From working at flea markets with his family to leading his high school football team to victory, Clark Payne learned the value of hard work early on. Today, his strong work ethic and enthusiasm for helping others guide him in his work as Full-Service Community Schools Coordinator at Middlesboro High School, where he makes a difference in young lives every day.

“It’s awesome being able to open doors for kids,” Payne said. “I was always blessed to have people do that for me.”

Growing up in Bowling Green, Kentucky, Payne spent much of his time working alongside his family. He enjoyed meeting new people, striking up a conversation and finding common ground. This interest in human connection inspired him to study Anthropology and Sociology at Centre College, and eventually led him to his current job with Partners for Rural Impact.

As school coordinator, Payne’s duties include being a caring adult for students, leading Why Try trainings (a student wellness and resilience program), taking students on field trips and planning engaging learning activities.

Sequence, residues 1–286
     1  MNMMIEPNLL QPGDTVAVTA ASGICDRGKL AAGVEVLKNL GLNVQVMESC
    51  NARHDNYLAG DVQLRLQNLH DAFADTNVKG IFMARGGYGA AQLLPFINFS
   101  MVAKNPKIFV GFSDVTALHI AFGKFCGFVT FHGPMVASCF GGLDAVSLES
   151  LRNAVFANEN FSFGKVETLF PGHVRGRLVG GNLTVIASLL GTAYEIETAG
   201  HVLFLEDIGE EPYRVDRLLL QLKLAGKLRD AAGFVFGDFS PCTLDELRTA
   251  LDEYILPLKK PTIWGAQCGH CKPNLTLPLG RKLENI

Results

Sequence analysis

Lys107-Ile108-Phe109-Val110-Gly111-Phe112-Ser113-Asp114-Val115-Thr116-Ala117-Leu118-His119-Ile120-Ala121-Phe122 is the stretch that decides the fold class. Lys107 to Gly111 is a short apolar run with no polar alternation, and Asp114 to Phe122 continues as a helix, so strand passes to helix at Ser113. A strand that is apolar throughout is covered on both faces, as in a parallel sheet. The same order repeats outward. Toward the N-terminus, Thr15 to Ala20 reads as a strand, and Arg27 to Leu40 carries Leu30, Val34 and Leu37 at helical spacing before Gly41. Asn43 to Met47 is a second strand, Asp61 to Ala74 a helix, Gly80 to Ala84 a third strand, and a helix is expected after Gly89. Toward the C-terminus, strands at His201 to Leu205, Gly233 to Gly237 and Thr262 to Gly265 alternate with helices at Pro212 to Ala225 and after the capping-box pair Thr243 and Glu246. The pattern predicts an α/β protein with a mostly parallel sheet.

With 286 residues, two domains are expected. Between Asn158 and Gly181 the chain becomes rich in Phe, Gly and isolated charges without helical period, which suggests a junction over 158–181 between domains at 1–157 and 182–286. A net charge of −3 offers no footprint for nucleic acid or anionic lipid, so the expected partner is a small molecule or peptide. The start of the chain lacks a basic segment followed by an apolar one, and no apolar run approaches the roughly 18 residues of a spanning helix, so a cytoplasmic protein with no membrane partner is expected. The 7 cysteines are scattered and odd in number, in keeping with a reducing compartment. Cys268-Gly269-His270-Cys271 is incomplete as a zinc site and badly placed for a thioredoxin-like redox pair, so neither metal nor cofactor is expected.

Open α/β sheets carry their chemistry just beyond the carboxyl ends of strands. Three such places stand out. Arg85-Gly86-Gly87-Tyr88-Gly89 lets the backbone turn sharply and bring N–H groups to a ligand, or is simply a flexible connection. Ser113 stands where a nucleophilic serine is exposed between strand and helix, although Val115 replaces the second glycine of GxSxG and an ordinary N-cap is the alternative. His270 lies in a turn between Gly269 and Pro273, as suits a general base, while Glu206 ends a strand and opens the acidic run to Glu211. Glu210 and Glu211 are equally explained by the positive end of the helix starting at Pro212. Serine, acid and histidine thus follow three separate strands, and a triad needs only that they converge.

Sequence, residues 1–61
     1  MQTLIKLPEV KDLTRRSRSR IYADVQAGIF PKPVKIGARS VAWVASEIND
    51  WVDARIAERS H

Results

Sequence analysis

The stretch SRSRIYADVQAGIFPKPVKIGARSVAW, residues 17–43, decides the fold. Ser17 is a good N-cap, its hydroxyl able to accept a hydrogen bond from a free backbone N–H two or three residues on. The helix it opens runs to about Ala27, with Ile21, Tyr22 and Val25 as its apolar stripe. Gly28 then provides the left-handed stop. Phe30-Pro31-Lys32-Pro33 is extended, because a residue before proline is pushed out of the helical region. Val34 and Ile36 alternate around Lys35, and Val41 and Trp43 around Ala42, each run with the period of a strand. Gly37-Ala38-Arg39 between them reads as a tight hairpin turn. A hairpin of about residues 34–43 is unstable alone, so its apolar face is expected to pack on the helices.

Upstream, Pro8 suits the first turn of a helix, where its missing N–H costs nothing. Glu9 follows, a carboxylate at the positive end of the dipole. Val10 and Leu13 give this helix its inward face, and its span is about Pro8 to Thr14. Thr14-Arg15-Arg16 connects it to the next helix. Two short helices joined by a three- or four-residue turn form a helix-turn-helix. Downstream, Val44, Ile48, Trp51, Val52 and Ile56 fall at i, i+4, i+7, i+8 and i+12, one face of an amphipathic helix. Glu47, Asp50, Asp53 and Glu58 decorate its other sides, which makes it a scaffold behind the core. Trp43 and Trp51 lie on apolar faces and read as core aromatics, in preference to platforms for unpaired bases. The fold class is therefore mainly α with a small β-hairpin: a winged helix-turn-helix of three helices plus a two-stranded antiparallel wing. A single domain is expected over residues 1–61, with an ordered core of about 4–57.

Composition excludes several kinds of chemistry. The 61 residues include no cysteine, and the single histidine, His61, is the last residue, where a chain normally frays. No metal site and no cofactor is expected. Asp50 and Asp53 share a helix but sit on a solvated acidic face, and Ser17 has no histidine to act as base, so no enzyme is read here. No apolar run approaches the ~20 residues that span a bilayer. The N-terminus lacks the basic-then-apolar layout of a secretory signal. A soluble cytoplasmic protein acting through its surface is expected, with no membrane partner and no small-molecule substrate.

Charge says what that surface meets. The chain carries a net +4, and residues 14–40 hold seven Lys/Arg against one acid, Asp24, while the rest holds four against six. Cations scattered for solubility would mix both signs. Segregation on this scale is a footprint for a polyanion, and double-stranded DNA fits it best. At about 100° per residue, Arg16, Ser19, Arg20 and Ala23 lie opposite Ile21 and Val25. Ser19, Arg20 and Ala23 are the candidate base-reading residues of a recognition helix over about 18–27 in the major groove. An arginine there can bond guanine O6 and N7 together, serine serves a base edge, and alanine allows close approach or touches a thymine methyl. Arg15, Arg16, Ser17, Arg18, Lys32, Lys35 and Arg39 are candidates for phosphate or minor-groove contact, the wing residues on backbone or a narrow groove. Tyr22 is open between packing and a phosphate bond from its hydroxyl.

The best part of his job?

“Changing lives, even if it’s just one kid.”

Assistant coach Clark Payne pictured with the Middlesboro High School football team

In addition to his full-time position, Payne is also an assistant coach for the Middlesboro High School football team. He credits his former football coach Kevin Wallace with inspiring him to be a leader. Payne says it has been an honor to learn from Coach Wallace and MHS head coach Larry French, two of the most winning football coaches in the state.

Empowering youth is one of the driving forces in Payne’s work, both inside the classroom and out on the field. Payne strives to be a positive role model for his students, encouraging them to challenge themselves and reach their full potential.

“When I played quarterback, my goal was to empower my teammates to push beyond the limits they set for themselves,” Payne said. This mindset translates into his work with students today.

One of Payne’s goals for his students is to see them all graduate high school college-ready, a critical step in reducing poverty and creating generational success.

“College readiness opens doors,” Payne said. “Eventually, your hard work after college will help not only you and your family, but your extended family and the people who look up to you. It sets an example that spans generations.”

Payne offers special thanks to the adults that believed in and supported him throughout his life, especially his family, friends and coaches.

“My family was always supporting me and pushing me to pursue my dreams. I love them, and I hope they know how much of a positive impact they have had on my life.”

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